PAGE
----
Dr Jess Heron interviews Iain Cunningham about his experience of making the film 'Irene's Ghost'
Why did you decide to make the film, Irene’s Ghost?
It was only really when I had my daughter Isla that I started to properly question what went on and to try and reconcile things. I watched her grow and develop and it was amazing to me how fully rounded a very small child can be. I started to think about myself at that age, and what I had experienced. I started to see the world through the eyes of a 2 or 3 year old. I imagined disappearing out of Isla’s life without a trace and it was completely heart breaking. I also started to wonder what the connection might be between Irene and my own experiences, my own mental ill health a couple of years before. I started to feel it was my responsibility to Irene to find her in the way that I could. So that’s what I set out to do.
The most moving scenes in the film involve your father. Given the era’s stigma and lack of information- which were so beautifully conveyed in the film, what impact has the film has had on him?
I always respected the fact that my Dad didn’t want to talk about things, but when I started to find out things about Irene, I felt like I’d been propelled out of a cannon, that’s how compelled I was to do it. I was incredibly nervous about talking to him for the first time, I had to build myself up to do it. It felt like he’d held a lot of emotion inside him for a long time. As the search progressed, we started to understand each other more and more. I think somehow we met in the middle. I started to understand what he had been through, the pain and confusion, and the despair really. I think since making the film, and with a bit of time to digest the experience, our relationship has improved a lot. We can talk more openly than before, and I think we take the time to look after each other a bit more as well. He’s very keen now to try and help men in a similar situation to the place he found himself in, and might even train as a peer supporter for APP.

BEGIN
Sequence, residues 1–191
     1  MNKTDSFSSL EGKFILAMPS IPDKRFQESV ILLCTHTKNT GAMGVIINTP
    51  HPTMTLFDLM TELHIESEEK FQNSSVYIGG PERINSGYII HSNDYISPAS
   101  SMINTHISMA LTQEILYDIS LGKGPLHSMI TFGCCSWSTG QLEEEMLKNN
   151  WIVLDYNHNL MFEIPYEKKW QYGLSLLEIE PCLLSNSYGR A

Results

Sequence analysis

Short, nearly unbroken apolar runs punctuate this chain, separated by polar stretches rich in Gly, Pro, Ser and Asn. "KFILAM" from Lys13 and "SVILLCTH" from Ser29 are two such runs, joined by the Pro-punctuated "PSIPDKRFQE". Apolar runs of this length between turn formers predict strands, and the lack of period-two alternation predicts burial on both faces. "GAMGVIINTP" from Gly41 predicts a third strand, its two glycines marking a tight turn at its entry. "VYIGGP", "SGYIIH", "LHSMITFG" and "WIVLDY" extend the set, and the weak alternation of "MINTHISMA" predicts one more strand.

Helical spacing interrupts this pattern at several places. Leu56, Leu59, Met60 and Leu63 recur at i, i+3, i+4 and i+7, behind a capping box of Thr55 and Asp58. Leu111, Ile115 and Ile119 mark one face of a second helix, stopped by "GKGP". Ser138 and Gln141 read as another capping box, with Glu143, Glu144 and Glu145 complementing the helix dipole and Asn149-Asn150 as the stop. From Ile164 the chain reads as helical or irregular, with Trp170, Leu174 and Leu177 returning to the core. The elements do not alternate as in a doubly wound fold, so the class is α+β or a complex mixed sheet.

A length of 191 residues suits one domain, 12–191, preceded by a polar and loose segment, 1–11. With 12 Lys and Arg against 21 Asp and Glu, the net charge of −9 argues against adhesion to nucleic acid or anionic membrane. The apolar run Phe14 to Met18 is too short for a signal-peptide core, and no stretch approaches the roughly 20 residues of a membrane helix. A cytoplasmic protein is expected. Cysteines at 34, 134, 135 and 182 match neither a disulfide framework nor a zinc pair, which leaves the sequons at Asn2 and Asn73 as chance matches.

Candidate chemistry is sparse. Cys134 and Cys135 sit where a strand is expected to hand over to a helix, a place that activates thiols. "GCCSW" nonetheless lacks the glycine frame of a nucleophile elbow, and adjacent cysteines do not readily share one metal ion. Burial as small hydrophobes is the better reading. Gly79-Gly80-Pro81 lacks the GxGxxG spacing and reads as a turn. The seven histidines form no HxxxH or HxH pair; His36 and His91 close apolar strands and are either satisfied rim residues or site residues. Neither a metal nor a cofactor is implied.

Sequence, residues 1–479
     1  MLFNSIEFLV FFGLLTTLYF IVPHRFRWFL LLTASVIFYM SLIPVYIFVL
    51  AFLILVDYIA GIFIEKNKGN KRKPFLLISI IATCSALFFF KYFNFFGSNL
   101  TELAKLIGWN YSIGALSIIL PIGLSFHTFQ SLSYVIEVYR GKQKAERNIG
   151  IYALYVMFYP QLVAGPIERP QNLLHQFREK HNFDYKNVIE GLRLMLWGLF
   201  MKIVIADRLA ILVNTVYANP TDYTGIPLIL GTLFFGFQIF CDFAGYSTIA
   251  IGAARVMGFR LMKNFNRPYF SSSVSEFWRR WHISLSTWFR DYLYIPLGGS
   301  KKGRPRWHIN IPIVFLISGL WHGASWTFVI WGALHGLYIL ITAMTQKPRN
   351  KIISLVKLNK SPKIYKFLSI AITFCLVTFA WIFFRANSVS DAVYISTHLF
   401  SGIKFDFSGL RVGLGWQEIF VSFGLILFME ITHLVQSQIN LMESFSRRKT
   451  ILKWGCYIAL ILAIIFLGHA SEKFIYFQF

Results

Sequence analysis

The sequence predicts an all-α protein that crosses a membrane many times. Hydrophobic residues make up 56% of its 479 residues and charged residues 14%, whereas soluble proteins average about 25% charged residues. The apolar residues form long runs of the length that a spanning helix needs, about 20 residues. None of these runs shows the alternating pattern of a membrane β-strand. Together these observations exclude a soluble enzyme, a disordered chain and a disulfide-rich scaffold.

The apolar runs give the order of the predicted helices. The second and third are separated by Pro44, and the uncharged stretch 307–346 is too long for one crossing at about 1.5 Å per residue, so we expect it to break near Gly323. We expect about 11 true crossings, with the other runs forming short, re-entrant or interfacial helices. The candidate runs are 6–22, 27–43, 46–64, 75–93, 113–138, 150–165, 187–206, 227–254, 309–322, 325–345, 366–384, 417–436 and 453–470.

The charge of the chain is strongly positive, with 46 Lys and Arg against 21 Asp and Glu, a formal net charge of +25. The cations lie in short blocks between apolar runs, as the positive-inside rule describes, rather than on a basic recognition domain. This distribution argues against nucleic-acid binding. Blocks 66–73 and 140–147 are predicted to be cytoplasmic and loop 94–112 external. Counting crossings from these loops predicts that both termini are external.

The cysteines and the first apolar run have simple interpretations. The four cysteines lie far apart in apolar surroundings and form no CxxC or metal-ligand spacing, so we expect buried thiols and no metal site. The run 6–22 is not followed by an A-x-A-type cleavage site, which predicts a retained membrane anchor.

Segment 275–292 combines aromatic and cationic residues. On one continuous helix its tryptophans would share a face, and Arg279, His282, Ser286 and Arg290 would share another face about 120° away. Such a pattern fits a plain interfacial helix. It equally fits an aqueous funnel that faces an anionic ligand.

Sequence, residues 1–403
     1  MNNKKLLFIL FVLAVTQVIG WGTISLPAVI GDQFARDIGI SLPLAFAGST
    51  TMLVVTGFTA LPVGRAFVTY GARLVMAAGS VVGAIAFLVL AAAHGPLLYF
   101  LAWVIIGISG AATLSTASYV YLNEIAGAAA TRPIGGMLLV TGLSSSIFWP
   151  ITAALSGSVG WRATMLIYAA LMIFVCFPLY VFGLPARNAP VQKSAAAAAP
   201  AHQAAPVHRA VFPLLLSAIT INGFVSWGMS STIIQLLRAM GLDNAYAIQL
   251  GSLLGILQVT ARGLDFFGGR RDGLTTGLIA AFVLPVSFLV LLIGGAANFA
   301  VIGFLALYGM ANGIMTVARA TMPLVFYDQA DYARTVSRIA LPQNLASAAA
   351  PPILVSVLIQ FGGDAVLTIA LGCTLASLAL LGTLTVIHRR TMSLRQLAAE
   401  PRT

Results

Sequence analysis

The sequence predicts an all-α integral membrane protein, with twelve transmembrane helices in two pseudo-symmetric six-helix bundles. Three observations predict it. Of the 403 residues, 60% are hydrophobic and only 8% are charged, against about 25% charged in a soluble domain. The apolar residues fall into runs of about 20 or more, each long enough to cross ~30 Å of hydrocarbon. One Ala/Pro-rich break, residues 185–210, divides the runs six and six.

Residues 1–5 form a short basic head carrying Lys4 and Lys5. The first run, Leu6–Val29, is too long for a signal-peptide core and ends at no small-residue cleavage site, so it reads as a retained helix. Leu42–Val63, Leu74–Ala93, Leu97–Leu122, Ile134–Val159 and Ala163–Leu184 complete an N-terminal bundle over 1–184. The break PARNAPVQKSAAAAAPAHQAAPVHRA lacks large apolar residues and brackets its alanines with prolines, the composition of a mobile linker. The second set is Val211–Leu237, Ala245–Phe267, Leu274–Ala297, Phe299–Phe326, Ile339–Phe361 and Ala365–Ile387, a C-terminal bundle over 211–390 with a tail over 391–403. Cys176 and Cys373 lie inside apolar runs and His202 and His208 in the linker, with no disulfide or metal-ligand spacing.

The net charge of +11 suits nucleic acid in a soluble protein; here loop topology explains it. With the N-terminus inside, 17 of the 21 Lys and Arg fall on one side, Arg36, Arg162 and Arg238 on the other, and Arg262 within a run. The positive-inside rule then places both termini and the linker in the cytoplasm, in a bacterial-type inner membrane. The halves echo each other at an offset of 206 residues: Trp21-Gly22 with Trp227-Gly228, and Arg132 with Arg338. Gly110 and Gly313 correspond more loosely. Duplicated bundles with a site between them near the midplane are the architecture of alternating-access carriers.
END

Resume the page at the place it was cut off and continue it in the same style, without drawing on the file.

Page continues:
The film flits between real people and dreamlike animations. Why did you use this device?
I had always thought animation could be a way to help visualise the imaginative world I had as a child, and my slightly unreal or magical memories of my Mother. I had an illustrated baby book, and the palette came from that, those muted 70s tones. Mixing reality and animation hints at the way we construct stories from memories - our memories are not entirely truthful, and that felt like a nice visual metaphor. There’s also a naivety to the style which again echoes the world of a child
You demonstrate in the film that there is pleasure to be gained from open discussions with children about life’s difficult issues. Was it difficult to face the family ‘skeletons’ head on, in order to be able to do this?